A modern iconographer speaking:


“To make an excellent icon, the icon-painter ought to adhere to ancient methods. In old occasions, the traditional background for icons was gold leaf or silver leaf. Gold becoming high-priced, icon-painters typically used simple paints that have been inexpensive and made of organic ingredients. Inside the poor village churches of Russian North, all the backgrounds had been performed with paints of quite light colour. ‘Fon,’ the Russian for background, is not a Russian word. Our icon-painters referred to as it ‘the light’. Priming for the panel was produced of sturgeon glue, also an extremely pricey material. Effectively, in old occasions icons have been not cheap… “ (Father Zinon) Get more information about


Icons are religious photos painted on wooden panels, normally made of linden or pine wood. Their production is actually a long and complicated process. A layer of linen cloth soaked in sturgeon glue is place around the panel. The ground is created of chalk mixed with fish glue. This can be gesso. Up to ten layers on the gesso are applied over the cloth, or pavoloka . An outline of the composition is incised on the gesso using the point of a needle, normally depending on an icon-painting manual.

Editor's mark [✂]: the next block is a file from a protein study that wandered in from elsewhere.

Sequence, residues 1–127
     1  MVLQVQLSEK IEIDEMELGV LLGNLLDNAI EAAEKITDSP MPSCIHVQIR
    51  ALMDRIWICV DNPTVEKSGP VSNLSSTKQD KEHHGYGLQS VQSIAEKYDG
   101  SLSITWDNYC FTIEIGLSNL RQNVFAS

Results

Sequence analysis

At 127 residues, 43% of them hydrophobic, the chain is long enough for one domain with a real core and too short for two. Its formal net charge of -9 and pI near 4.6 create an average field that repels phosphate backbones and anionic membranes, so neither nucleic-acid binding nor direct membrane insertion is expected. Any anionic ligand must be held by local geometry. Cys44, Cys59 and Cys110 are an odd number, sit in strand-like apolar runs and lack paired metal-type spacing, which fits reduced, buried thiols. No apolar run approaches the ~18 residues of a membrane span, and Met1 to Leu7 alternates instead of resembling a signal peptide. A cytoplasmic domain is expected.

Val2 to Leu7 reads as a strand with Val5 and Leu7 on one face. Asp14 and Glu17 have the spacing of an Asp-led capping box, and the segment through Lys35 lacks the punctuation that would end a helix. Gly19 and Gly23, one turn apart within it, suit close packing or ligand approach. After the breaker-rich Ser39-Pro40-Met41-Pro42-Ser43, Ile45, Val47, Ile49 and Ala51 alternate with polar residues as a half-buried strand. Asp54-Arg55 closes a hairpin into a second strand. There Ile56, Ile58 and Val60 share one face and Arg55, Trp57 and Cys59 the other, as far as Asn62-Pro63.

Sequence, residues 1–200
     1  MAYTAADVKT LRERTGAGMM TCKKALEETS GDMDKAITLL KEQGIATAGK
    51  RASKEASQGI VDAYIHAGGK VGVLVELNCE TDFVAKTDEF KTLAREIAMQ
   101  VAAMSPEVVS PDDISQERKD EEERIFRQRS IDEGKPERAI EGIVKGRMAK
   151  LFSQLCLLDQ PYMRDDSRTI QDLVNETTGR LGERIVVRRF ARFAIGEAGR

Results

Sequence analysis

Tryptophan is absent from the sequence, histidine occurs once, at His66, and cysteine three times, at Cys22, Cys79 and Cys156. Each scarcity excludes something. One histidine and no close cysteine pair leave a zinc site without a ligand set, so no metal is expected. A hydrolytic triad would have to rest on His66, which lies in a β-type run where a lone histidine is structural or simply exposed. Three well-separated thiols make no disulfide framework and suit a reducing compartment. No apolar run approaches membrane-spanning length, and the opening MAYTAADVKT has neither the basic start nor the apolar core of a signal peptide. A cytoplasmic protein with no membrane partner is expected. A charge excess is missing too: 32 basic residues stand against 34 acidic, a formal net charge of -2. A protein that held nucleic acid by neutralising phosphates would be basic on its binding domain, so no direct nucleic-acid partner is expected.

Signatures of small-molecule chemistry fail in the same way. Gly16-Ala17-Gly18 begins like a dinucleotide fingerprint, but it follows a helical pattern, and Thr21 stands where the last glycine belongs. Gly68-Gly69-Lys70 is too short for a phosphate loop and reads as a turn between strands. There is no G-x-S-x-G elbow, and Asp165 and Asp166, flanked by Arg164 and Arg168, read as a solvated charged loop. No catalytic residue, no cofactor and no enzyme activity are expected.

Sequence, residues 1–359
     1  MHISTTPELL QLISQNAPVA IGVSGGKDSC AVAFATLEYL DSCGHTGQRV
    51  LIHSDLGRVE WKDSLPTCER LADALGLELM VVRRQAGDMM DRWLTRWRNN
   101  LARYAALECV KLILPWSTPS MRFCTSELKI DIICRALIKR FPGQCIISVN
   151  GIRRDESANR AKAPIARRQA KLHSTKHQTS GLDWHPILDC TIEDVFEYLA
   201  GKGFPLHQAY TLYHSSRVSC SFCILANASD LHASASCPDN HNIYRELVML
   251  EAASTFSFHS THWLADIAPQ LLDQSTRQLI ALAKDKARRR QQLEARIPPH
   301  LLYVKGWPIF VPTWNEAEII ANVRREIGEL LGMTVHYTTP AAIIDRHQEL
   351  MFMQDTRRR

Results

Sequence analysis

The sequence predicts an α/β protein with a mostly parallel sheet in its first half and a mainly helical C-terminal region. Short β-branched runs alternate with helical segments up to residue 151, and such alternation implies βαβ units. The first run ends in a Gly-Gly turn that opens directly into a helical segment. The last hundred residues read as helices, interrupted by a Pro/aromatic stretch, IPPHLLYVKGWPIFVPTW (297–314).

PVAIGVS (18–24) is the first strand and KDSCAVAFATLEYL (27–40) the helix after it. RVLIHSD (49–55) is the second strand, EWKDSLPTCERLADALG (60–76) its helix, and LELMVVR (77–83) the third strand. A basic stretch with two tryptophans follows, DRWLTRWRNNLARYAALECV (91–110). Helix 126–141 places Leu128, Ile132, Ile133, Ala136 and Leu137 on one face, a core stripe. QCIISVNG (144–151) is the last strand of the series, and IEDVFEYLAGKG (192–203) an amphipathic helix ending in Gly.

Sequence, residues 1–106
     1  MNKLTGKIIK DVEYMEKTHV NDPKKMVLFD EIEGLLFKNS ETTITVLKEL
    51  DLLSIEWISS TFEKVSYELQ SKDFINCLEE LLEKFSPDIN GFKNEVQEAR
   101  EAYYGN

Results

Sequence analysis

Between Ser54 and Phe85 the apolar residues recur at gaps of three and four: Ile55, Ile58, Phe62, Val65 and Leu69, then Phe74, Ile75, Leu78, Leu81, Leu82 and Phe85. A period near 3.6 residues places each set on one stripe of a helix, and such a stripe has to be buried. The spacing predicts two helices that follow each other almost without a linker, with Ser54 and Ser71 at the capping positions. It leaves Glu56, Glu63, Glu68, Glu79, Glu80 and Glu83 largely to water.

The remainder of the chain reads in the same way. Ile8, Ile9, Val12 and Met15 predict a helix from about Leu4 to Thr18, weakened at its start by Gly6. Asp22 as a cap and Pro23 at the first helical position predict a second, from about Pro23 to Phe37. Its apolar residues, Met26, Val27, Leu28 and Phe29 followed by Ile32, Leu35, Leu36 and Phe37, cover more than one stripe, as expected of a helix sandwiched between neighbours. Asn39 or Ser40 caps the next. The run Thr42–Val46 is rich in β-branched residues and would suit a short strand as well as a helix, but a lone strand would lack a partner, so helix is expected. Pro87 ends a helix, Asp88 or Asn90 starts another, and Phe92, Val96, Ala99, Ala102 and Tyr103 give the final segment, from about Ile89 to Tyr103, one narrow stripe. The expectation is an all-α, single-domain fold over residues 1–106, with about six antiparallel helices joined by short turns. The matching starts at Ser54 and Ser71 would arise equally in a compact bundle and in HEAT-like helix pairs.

To prepare tempera paints, mineral pigments are mixed with water and egg yolk. The common minerals are cinnabar for reds, ochre (iron oxide) for yellows and lapis-lazuli for blues. Organic minerals give transparency to colors. Transparency is key in producing the impact of luminosity in icons. Light and dark tones of distinct thickness are brought one on prime of your other, layer just after layer. The white ground reflects light falling on its surface back by means of the semi-transparent tempera. The impact is the fact that of inner light radiating in the image.


Just after painting is accomplished an icon is varnished with boiled linseed oil, olifa. Russian artists added amber to their olifa. The linseed-amber varnish protects icons from scratches and gives them a deeper tone. But, immediately after many years in a wood-heated church or within a candle-lit ‘red’ corner of a peasant hut, the varnish becomes very dark and obscures the image. Within the early twentieth century, to clean the old varnish off the icon surface, restorers used fire to soften the olifa. They put slightly alcohol on the surface of an icon and set it on fire. A restorer then was able to scrape off the olifa varnish and clean the icon.

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